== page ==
M1: (Interrupting) – Is that the case?
Me: Yes sir.
Me: Sir growth of labour intensive manufacturing exports, like China, has not taken place in India because our infrastructure has been inadequate. This has rendered manufactured products un-competitive at home and abroad.
M3: Since you’ve talked about governance reforms, tell us some physical and administrative reforms which must be carried out in brief.
Me: Sir the local self governments should be empowered by devolution as envisaged in the 73rd and 74th amendments. So decentralisation is 1. The implementing agencies for schemes should be given auntonomy as well as made accountable through a system of incentives. There could be a contract system for local implementers. This would be the second. Also, the incentive structure for senior civil servants should be overhauled. They should be judged on objective criteria arrived at by consultations with stakeholders. For example, if it is the Rural Development Ministry, the criteria should be arrived at after discussions with the local people in the villages. This would be the third.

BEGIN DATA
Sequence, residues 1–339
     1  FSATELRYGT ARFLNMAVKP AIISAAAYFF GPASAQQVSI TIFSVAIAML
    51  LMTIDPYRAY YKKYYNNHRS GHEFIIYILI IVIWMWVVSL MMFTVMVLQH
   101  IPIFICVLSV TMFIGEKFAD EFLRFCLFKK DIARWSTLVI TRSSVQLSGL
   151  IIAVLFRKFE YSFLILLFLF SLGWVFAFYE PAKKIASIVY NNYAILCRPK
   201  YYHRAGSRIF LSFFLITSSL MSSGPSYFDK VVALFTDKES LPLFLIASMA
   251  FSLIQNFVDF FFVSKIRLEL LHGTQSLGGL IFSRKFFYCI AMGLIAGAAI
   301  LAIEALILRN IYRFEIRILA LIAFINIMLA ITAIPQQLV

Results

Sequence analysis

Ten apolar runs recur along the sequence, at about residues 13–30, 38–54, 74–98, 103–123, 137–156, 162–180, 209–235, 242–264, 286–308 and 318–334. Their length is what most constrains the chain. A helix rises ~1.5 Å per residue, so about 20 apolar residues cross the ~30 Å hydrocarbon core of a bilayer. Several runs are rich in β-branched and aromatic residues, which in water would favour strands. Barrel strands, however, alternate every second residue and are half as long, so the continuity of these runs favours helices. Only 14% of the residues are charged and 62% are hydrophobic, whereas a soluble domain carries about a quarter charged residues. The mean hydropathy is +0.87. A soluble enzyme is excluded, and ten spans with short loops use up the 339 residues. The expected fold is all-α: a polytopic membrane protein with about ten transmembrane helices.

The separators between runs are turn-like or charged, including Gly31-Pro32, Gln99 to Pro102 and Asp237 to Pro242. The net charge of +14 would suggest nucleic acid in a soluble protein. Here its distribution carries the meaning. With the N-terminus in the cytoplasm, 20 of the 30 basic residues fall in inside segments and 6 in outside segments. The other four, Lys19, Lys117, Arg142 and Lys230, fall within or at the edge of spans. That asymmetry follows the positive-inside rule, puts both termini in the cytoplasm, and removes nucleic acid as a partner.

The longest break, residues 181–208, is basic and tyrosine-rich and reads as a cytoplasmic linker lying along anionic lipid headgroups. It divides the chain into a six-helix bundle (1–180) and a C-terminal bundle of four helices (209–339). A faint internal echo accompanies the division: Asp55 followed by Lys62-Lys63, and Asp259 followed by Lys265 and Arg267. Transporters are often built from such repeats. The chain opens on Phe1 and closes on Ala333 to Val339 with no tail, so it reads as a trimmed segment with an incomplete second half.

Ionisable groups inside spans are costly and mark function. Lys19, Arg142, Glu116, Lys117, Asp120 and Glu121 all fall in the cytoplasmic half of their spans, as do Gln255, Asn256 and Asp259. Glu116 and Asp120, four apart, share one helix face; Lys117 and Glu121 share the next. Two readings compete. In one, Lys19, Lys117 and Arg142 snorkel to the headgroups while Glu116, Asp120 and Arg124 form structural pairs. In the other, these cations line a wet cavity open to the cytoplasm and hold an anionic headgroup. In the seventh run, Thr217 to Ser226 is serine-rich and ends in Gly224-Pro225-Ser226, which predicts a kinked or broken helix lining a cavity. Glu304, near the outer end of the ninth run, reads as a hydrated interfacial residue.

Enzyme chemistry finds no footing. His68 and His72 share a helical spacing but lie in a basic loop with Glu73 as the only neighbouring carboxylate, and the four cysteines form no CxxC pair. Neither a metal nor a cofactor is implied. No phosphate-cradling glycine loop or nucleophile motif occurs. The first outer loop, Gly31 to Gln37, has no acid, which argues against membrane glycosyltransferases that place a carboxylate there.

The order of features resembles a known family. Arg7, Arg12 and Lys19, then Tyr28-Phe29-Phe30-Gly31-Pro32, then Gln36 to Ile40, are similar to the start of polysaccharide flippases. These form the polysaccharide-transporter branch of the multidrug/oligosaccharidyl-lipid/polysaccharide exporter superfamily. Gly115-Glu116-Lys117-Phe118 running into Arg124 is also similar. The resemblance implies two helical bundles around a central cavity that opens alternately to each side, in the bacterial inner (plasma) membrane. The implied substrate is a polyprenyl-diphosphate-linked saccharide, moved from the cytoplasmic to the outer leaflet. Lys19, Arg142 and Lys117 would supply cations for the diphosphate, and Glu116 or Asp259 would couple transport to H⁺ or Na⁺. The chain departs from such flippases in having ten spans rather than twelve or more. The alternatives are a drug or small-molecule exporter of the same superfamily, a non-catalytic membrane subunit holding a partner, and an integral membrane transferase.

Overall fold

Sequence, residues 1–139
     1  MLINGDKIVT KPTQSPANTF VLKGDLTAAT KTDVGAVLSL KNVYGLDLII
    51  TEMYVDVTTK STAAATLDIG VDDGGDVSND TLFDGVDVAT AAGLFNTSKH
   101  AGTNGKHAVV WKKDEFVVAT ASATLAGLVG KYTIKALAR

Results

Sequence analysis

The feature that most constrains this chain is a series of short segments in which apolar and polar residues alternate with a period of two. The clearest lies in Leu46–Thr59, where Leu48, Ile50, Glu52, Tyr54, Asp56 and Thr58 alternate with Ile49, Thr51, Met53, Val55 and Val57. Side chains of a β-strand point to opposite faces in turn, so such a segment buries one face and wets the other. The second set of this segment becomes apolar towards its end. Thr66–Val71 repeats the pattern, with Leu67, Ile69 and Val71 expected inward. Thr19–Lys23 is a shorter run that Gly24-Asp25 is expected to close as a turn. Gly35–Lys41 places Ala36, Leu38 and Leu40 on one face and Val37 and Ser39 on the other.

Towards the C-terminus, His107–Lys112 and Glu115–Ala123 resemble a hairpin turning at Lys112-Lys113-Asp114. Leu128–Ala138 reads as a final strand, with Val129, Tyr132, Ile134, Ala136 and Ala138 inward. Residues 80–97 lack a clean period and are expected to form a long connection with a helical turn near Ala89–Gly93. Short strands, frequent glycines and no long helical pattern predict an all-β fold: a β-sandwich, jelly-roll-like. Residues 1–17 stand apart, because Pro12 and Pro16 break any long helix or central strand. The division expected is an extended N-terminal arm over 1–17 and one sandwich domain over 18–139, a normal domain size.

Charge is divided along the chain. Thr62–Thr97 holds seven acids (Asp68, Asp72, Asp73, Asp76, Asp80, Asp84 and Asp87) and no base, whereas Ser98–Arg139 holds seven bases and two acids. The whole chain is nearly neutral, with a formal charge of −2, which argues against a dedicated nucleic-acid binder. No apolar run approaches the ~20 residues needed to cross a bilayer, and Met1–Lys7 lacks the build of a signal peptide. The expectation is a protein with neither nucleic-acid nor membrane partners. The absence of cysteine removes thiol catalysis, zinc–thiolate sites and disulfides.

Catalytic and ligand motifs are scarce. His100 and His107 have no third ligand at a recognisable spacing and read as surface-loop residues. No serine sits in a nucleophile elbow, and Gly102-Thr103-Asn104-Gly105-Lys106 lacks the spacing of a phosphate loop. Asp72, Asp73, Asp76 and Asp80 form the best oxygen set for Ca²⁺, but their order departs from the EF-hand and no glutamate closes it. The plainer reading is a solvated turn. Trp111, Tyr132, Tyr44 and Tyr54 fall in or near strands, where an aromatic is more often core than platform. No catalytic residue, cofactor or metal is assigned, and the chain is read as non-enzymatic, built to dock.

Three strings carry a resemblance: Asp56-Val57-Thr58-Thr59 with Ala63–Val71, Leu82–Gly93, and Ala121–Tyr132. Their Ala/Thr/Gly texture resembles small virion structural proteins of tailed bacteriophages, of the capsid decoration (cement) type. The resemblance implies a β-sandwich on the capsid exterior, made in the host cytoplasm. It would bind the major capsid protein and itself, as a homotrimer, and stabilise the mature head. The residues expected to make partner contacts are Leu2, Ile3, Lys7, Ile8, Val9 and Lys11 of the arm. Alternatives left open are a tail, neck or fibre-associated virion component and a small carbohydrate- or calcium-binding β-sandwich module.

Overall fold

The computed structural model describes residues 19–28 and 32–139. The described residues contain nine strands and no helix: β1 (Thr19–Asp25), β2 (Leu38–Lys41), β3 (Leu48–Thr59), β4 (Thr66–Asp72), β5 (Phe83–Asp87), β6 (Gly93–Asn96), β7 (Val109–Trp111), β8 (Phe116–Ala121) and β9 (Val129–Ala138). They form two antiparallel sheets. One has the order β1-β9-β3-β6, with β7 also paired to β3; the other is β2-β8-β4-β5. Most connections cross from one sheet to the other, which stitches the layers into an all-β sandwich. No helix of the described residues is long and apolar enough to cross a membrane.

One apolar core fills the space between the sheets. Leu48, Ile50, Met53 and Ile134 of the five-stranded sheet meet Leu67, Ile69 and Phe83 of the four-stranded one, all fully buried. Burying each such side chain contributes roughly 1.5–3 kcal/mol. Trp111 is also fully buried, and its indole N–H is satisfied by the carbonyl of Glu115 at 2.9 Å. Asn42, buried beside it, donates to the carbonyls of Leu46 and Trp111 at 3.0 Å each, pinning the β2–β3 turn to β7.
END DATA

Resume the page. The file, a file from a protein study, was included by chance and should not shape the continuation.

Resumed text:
M3 interrupts and passes on to M4
M4: You know a lot of states provide subsidies to companies to attract investment; do you think it is right to do so?
Me: Sir I think it is a legitimate tool for attracting investment but there should be clear guidelines and framework..
M4: (Interrupting) Yes that is true, transparency must be there, but apart from that, you know these companies avail of the subsidies and then just shift to another state at times